Getting into a motor vehicle crash can leave you feeling shaken and out of sorts, but unless you have an obvious traumatic injury like a skin laceration or a bone fracture, you may not feel any pain or discomfort. It’s a common scenario, and it’s perfectly normal.
It’s also perfectly normal for pain, injury, and dysfunction to emerge hours, days, or even weeks following an auto accident: It’s called delayed-onset pain, and it’s a frequent effect of the kind of physical trauma that can occur in a collision.
At The Rehab Docs in Daniel Island, South Carolina, we understand how a car accident can impact your body. Our seasoned pain and injury experts combine integrative care, chiropractic medicine, and physical therapy to help you resolve your pain and restore your health.
Automobile accidents can happen to anyone, anywhere, at any time. Luckily, many roadway collisions aren’t too serious, allowing the drivers and passengers involved to walk away with only minor injuries or no apparent injuries at all.
But even if you felt mostly protected by the surrounding structure of your vehicle, enormous amounts of force get transferred in a collision, often in the blink of an eye. Some of that force passes through and acts on your body, causing visible injury — or hidden trauma.
When your body is subjected to tremendous amounts of force in just a few short seconds, it tries to protect itself by releasing a sudden surge of adrenaline. This “fight-or-flight” response provides several protective benefits in high-stress circumstances, including:
This same fight-or-flight mechanism floods your system with calming endorphins, too, helping you stay calm and in control as you react to the situation around you. Commonly known as the brain’s “natural pain reliever,” endorphin hormones also affect the way you process stress and feel pain.
In the aftermath of a stressful physical event like a car accident, your body’s fight-or-flight response gradually tapers off — but your adrenaline and endorphin levels can remain high for an hour or longer, completely masking any pain symptoms you might otherwise have.
Once your body settles back down, you may start to feel pain or stiffness in certain parts — or you may not. In many cases, it takes a day or two or even longer to feel the effects of soft tissue damage caused by the kind of extreme inertia changes that happen in a car crash.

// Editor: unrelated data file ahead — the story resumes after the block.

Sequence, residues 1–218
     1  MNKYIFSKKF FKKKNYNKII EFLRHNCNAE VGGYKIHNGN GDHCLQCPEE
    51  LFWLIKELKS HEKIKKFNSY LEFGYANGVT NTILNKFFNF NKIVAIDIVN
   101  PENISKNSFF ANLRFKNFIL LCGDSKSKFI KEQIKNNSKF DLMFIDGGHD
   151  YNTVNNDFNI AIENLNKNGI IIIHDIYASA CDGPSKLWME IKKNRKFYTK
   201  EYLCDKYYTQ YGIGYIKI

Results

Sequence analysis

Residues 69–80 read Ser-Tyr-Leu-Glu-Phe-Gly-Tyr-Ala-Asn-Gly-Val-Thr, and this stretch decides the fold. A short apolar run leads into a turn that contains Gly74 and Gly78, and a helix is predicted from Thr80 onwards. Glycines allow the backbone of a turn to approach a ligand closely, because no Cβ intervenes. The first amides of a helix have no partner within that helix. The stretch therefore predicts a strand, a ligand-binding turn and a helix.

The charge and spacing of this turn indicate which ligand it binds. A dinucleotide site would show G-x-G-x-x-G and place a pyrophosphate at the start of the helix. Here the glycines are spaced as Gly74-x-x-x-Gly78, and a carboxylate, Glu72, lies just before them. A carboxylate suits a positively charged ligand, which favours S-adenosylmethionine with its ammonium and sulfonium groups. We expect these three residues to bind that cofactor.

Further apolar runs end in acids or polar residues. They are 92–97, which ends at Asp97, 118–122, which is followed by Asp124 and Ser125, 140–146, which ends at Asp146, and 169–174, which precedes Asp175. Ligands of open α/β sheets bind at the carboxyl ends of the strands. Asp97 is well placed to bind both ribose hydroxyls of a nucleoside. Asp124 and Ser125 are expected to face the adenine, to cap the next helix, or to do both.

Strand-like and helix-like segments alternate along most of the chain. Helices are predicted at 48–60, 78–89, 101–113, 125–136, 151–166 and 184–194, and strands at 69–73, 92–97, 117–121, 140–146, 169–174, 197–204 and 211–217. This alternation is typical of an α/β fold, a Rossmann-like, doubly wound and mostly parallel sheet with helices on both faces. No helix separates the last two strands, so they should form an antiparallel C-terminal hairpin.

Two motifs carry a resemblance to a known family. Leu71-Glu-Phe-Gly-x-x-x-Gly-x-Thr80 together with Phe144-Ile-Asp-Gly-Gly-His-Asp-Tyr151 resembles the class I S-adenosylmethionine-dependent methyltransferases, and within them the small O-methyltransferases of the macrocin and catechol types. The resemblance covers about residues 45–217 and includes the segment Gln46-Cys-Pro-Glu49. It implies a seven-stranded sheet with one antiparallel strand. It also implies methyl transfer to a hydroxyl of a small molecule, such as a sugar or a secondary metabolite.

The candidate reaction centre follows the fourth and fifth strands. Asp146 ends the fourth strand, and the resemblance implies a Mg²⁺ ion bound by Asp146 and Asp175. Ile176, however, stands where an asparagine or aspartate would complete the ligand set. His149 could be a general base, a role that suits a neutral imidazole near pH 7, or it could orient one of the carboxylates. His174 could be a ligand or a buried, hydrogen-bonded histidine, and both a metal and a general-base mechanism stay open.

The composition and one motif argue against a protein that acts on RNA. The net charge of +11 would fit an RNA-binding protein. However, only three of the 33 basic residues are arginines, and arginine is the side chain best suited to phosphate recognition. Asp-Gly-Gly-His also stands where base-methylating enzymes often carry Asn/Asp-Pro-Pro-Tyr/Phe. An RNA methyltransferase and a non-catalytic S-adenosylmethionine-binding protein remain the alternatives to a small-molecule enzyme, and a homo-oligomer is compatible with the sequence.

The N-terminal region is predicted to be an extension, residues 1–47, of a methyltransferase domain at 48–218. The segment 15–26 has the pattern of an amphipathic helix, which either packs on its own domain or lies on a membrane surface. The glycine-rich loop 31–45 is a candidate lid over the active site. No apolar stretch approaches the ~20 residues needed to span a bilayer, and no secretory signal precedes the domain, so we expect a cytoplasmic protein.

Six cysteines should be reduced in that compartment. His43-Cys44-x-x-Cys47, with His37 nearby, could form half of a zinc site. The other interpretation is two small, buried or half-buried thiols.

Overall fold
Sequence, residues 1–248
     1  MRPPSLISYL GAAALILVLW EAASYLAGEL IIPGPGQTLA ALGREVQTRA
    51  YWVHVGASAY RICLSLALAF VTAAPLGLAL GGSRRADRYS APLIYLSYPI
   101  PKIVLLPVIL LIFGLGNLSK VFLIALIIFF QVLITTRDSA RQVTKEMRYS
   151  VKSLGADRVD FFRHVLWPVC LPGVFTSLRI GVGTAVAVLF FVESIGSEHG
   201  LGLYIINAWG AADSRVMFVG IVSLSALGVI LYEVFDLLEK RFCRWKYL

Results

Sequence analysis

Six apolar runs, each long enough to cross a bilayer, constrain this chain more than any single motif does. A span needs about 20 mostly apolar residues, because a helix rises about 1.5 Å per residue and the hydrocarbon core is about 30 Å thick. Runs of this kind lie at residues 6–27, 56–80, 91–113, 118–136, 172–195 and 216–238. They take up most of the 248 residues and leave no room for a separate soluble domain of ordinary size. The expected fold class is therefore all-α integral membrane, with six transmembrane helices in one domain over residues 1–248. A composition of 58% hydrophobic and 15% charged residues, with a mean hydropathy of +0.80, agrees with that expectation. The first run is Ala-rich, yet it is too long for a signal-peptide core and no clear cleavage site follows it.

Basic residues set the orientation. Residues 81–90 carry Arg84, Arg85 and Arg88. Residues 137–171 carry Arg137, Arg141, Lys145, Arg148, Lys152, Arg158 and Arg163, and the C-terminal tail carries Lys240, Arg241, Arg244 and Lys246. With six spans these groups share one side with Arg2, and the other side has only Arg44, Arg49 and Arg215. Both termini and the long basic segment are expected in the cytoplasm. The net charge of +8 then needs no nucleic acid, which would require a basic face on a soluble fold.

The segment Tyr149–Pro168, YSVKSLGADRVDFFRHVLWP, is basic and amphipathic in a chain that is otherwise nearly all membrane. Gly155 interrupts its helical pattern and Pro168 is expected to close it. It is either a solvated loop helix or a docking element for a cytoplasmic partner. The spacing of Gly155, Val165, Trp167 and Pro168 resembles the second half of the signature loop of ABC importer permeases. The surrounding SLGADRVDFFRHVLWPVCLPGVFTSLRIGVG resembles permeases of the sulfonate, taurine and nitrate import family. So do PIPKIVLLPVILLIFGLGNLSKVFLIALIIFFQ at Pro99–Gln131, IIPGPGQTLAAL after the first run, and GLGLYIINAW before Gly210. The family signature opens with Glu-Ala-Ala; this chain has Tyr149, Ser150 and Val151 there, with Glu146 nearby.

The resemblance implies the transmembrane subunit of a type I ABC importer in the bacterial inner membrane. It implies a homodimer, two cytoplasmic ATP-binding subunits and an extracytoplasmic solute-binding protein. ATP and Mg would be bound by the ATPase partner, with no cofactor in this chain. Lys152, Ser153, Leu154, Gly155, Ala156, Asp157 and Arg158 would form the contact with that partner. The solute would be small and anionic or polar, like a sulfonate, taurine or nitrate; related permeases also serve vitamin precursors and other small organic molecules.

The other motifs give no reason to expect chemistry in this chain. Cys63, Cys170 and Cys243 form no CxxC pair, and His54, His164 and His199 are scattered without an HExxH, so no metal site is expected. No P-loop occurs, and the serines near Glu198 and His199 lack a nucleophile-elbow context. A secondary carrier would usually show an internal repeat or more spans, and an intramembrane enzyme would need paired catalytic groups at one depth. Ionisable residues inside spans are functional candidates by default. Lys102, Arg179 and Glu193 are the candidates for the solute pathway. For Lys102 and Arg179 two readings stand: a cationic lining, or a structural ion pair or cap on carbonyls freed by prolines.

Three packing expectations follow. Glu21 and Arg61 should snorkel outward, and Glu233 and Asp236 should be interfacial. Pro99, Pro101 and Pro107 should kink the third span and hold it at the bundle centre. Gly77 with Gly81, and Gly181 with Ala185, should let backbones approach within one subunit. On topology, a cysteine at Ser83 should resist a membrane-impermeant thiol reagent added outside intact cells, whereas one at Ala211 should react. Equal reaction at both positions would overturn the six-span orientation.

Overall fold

When your car is stopped short by the sudden force of an impact, your body briefly continues moving through space at the same rate until your seatbelt, airbag, or another surface barrier stops you short, too.
This abrupt change in momentum can cause soft tissue damage at points of contact, such as where your body strains against your seatbelt; it can also cause deeper soft tissue damage in the body parts that “absorb” extreme inertia changes the most.
This often includes your neck, which may be jerked forwards, backwards, or sideways by the impact while your head briefly continues traveling in the same direction it was heading. Known as whiplash, this traumatic injury is one of the most common sources of delayed-onset pain following an accident.
Other symptoms that can emerge many hours or days following an auto accident include:
Although it’s inflicted in the blink of an eye, the soft tissue damage that triggers these delayed symptoms often develops slowly. Pain typically emerges once inflammation has set in.
Sometimes, delayed pain following an accident is the result of a secondary injury, or an injury that happens because of trauma that was sustained during the impact. This is sometimes the case with spinal injuries — especially those that affect your intervertebral discs.
These discs cushion your vertebral bones and facilitate motion in your spine. When one of them is stressed or slightly damaged in an accident, it may be more likely to tear, bulge, or rupture as time goes on.
Having a comprehensive evaluation within a few days of your car accident can help you get the care you may need to fortify the healing process, support your long-term recovery, and reduce your risks of chronic pain and future complications.